Hello from the Roost! Hope everyone is enjoying their summer. Truth be told, I can't wait for fall even though I enjoy the harvests from the summer garden. We have been very busy this summer, but here is a quick peek at what's been going on around our little homestead:

we are letting the lettuce seedlings dry out so that we can save them for next year


produce from the garden: heirloom Cherokee Purple tomatoes,
yellow crookneck squash and a red pepper

A wonderful couple that goes to our church made this amazing cold frame for us with some old windows and leftover scrap wood. We are so grateful to be able to start seeds in the late winter or very early spring next year!

Our new cold frame

Our southern peas exploded despite the chickens helping themselves to bites out of the leaves.  We
 have enjoyed these peas cooked with green beans, onion, bacon and seasonings in the crock pot. 

We planted heirloom pie pumpkins for the first time this year!

This is a random HUGE mushroom BJ found growing in the yard.
Anyone know if it's edible? 

I hope all is well around your homestead and that you are enjoying the late summer's harvest. We are so grateful for blessings this time of year.  Coming soon- I received a pressure canner for my birthday along with the book Canning and Preserving with Ashley English. Stay tuned for a post on canning vegetables from the Roost!



Linking to:




Saturday, August 13, 2011

Cherry Pie

Today I made my very first from-scratch cherry pie. It's not the most beautiful pie, but it sure tastes good!  Next time I make a pie I'm going to try a more stylized crust- perhaps with lattice work or pretty heart cut-outs. We'll see.



To me, fruit-filled pies and cobblers like this one are one of the sweetest parts of summer. I prefer a piece of pie over cake any day. Soon I hope to make a blackberry cobbler with locally picked berries- yum!



I got the recipe for this cherry pie from The Farm Chicks cookbook. It is a wonderful resource with classic country kitchen design tips, family recipes, and good stories. This particular pie has a crumb topping instead of a crust.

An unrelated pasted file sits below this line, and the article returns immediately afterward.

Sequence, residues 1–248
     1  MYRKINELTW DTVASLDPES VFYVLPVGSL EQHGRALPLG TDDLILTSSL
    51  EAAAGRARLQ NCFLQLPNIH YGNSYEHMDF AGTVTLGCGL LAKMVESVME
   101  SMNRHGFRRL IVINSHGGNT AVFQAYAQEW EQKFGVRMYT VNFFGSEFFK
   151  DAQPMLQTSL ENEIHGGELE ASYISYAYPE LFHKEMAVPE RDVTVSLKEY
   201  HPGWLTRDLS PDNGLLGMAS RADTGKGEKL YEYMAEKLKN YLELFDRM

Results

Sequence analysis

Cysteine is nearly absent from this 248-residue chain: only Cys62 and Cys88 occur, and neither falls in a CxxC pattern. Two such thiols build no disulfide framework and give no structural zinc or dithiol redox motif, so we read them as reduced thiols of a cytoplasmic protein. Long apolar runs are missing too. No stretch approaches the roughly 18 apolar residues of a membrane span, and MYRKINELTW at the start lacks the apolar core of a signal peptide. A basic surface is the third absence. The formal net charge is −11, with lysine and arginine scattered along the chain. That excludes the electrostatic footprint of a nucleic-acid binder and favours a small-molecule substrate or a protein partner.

Well, I'm going to enjoy my piece of pie now. Have a great weekend!


Monday, August 8, 2011

The Entry

Hi, there! Hope everyone is having a happy Monday. Today I thought I'd join up at Cottage and Vine's Room by Room series and let you have a peek at my entryway. The entry serves as a welcoming avenue into the home, and I like to keep mine simple, functional and inviting.

Since we have such a large entry, I moved this antique sideboard to serve as extra storage and a drop off station for mail


If you live in a historic home like me, it is important that you retain and preserve the original entrance door to your home as much as you can. As the architectural styles from various eras are distinctly different, likewise so are their front doors. So, for example you wouldn't want to take a salvaged door from a Queen Anne style house and use it on a Craftsman Bungalow, or transfer an entry door from a Tudor Revival style house to an early twentieth century North Carolina Triple-A farmhouse. If you are unsure of what style door would be appropriate for your historic home, consult some architectural history books from your local library or contact a local architectural historian who can point you in the right direction.

The antique sideboard provides extra space for dishes and glassware that
cannot fit in my china cabinet

Sometimes I like to display my husband's great grandfather's antique highball
set in the window sill above the sideboard.



Linking to: 

Saturday, August 6, 2011

Farmers' Market Goodies

This morning we visited the locally famous Carrboro Farmers' Market and came back with some colorful, tasty veggies and beautiful flowers.



We have only picked one of our heirloom tomatoes to date (I am letting it ripen in the window sill above the kitchen sink), so I wanted to stock up on the gorgeous varieties of tomatoes from the market in case our plants don't produce too well this year. I bought pink heirlooms, mini cherokee purple tomatoes, and sungolds.  Along with the tomatoes I decided to pick up some little orange sweet peppers and banana peppers.



The flowers were also home grown and look wonderful on my new farmhouse dining table.



Have a wonderful weekend!